given me the shield of salvation. His gentleness hath made me great.
Compassed about by troubles and temptations He delivers me. The last
enemy of man has been conquered by Him. Death is vanquished by the Son
of God.

He makes with us an everlasting covenant. David says: “He delivered me
from my strong enemy.” How many of us have a strong enemy? An enemy
difficult to subdue? One we cannot subdue without help from on high?

“Come and let us return unto the Lord. He will revive us and raise us
up. We shall live in His sight.”

“The wise shall understand these things. The ways of the Lord are right
and the just shall walk in them.”

“Seek good and not evil that ye may live.” Here we have a warning and a
command, a threat and a promise.

Godliness is profitable unto all, having promise of the life that now
is, and of that which is to come.

To-day, if ye will hear His voice, harden not your hearts.”



        “HAVE FELLOWSHIP ONE WITH ANOTHER.”


When our souls are at one with the Lord Jesus, we come into fellowship
with His people. Spiritually renewed, we give ourselves to Him and are
baptized. Through the church-visible opens our grandest opportunity of
making Him manifest to mankind.

We can all be “pillars in the temple of our God.”

We can all pray, They that dwell in the secret place of the Most High,
abide under the shadow of the Almighty.

We can all speak of the living bread which came down from Heaven. If we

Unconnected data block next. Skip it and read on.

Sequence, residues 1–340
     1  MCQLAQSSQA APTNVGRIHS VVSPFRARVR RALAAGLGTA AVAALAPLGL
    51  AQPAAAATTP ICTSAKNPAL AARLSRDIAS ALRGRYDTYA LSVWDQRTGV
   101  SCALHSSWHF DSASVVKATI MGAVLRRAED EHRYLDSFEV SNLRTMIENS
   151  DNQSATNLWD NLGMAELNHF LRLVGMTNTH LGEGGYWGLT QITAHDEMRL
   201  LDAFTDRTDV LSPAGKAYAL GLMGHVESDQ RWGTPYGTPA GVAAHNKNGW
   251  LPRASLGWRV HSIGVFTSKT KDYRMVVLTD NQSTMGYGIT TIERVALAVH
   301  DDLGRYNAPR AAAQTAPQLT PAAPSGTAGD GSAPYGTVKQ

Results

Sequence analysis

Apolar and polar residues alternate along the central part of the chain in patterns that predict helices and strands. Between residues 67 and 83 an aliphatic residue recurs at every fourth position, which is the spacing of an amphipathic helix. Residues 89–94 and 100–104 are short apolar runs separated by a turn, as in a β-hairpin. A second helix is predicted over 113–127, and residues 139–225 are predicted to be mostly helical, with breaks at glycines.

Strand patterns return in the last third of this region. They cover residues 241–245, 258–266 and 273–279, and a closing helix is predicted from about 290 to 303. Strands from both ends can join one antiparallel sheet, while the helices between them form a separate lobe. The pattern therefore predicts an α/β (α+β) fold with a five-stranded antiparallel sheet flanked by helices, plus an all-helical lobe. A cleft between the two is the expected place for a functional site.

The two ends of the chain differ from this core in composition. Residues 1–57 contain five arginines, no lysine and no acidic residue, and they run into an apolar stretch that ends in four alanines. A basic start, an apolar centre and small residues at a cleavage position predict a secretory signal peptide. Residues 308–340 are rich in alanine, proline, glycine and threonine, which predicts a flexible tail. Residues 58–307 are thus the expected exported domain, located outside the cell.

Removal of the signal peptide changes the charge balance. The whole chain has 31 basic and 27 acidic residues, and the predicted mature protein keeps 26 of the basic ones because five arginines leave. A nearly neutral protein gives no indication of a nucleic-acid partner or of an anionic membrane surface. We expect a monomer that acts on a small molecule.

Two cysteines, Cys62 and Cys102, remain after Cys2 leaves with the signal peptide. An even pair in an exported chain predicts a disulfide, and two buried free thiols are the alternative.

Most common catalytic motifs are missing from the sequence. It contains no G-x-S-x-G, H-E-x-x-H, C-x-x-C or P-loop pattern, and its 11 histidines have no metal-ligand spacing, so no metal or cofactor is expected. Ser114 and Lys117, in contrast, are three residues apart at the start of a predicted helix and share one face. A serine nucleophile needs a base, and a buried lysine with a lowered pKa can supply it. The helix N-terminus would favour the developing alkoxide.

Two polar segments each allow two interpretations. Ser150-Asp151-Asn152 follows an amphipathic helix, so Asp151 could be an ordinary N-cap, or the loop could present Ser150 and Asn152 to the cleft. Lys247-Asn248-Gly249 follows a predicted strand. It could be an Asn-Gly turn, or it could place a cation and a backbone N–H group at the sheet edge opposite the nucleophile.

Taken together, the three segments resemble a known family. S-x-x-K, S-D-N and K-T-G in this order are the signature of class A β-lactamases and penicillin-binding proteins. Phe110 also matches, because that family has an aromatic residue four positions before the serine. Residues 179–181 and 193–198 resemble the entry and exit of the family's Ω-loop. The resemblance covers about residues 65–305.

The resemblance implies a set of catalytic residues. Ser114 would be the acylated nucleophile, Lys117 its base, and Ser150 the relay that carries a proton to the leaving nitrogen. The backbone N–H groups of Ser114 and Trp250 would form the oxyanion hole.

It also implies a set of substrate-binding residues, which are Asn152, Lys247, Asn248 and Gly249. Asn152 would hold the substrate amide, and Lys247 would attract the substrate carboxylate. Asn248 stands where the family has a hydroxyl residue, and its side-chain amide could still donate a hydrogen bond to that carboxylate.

eat of that bread we shall live forever.

There is no true happiness apart from Christ. May we be, as lights,
shining for Him, in many a darkened home.



        FOLLOWING JESUS.


We have a work to do. We are Christ’s representatives. We must partake
of the Christly character.

We are His witnesses. Witnesses of His power and of His saving grace. It
is ours to tell of His wonderful goodness to the children of men. We
tremble when we recognize the magnitude of the responsibility which
rests upon us. As our day, so shall our strength be.

If we fail to show Him forth in our daily lives, we break the covenant
into which we joyfully entered such a little while ago.

It is ours to be zealous in His service. Faithful unto death, we shall
receive a crown of life.

We are trusting in The Word, may we lead others to see, that The Word is
truth.

We are leaning on the promises. May we encourage others to do the same.

Steadfast followers of the Lord Jesus; if we work with Him and walk with
Him, we shall also reign with Him.



        THE CHRISTIAN’S HOPE.


We as Christians, have much to gain, from faith, obedience, patience,
mercy, love.

We suffer, that we may attain eternal bliss. No trusting soul shall fail
of its reward.

Friends who were with us yesterday are gone to-day. We pray. We weep. At
the feet of Jesus comfort comes to us.

We remember what our Saviour has done for us and look beyond the
present, rejoicing in the glory which shall be revealed.

When things temporal have passed away, we go home to God, to abide
forever.



        COMING ONCE MORE.


    The moments we give to Our Brother,
      Must ever be moments well spent,
    The riches bestowed on another
      Are riches the Father has lent,
    Be ready to tell the Old Story
      So potent new life to infuse,
    In seeking to live to His glory
      Go on in the paths He would choose.

    The words we are leaving unspoken
      Might welcome a soul to the light,
    The bondage of Satan once broken
      How all the dark places grow bright.
    The fruitage of prayer is a blessing,
      It never is offered in vain,
    The truth we are gladly confessing
      Will grandly Love’s purpose maintain.

    The talents devoted to Jesus